In the Feb. 4 News article about Moog's involvement in the V-22 Aircraft Program, I believe the reporter made a concerted effort to achieve a balanced presentation of the facts, but it's a difficult subject to treat in limited space.
In addition, the particular phrasing chosen for the headlines left the impression in the minds of many readers that the article was an indictment of our company.
I believe this because of the outraged reaction of so many Moog employees and because of the expressions of condolence I've received from friends and acquaintances. As they see it, the article conveyed the impression that the V-22 Aircraft Program is in trouble, in part, because of faulty equipment supplied by Moog. Let me try to clear up that impression.
There were no failures or deficiencies of Moog hardware that were in any way connected with the crashes of aircraft. Moreover, with the exception of slightly excess leakage, on very complex hydraulic flight control actuators -- the spec. limit is two drops per 50 cycles -- the Moog hardware is not deficient in any respect. The problems associated with the fluid compensation valve, which were the focus of considerable attention in the article, have to do with an adjustment setting that is in the control of our customer.
It is my understanding that the V-22 Aircraft performs its mission admirably. While operational test and evaluation reports are critical of the maintenance effort required to support the aircraft, the sources of the maintenance problems have been identified and I believe they can be corrected.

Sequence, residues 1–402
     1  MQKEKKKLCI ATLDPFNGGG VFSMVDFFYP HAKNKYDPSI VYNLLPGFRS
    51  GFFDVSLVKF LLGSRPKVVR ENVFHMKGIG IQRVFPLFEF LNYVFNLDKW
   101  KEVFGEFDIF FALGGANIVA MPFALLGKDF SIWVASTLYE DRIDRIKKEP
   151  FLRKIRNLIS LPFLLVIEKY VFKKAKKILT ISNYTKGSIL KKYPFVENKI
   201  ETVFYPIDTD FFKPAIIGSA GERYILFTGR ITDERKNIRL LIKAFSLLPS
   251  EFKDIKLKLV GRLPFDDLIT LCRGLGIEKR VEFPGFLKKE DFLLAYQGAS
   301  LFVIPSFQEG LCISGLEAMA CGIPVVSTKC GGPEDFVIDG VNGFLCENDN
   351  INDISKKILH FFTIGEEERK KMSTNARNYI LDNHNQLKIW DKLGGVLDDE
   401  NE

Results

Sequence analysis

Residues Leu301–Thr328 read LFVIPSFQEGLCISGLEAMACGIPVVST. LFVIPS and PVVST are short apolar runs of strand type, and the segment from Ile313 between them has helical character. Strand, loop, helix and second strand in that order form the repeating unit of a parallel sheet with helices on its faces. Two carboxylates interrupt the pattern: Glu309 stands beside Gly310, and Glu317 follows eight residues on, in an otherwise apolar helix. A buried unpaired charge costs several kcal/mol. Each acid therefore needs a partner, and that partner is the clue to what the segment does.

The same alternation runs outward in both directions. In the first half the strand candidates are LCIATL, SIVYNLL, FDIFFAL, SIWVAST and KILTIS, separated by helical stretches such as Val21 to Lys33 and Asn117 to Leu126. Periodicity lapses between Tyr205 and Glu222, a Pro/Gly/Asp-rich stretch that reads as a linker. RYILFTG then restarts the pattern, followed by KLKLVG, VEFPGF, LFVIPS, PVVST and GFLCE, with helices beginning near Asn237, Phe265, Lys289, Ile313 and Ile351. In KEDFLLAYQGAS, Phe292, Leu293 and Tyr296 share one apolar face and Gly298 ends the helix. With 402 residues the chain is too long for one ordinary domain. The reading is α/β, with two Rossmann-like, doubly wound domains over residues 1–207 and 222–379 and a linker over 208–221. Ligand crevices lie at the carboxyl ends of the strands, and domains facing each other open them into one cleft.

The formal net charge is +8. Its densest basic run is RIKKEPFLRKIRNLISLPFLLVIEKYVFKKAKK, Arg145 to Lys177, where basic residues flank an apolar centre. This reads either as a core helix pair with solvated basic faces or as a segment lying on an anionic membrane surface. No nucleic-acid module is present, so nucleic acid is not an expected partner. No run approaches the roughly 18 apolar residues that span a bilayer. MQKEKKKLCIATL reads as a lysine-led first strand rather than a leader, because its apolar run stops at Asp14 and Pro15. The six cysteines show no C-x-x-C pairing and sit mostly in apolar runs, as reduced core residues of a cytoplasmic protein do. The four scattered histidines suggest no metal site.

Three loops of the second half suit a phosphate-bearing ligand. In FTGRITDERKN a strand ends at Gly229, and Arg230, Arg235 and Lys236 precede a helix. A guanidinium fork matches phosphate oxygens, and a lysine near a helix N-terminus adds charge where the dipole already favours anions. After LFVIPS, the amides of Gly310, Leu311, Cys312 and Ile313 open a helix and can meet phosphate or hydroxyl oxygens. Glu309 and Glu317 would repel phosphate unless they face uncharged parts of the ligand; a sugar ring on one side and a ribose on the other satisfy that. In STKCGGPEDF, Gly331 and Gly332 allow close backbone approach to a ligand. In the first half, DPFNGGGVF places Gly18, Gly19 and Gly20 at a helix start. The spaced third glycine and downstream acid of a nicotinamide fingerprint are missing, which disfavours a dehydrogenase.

The future of the program may be in doubt because of the recent crashes and the attendant loss of life. Unfortunately, most innovative aircraft programs, those that truly enlarge our technological capability, have had similar experiences. I believe that, ultimately, the problems will be understood and solved and the aircraft will become reliable and safe.
We have a dedicated staff of skilled engineers and technicians who have worked on this program for 15 years and have achieved remarkable success in meeting some challenging requirements.
I know it was not The News' intent to demean the results of their efforts and suggest that Moog was delivering deficient hardware to the U.S. military, but it seems that some readers got that impression from the story. I hope we've been able to correct that impression.
ROBERT T. BRADY
Chairman and CEO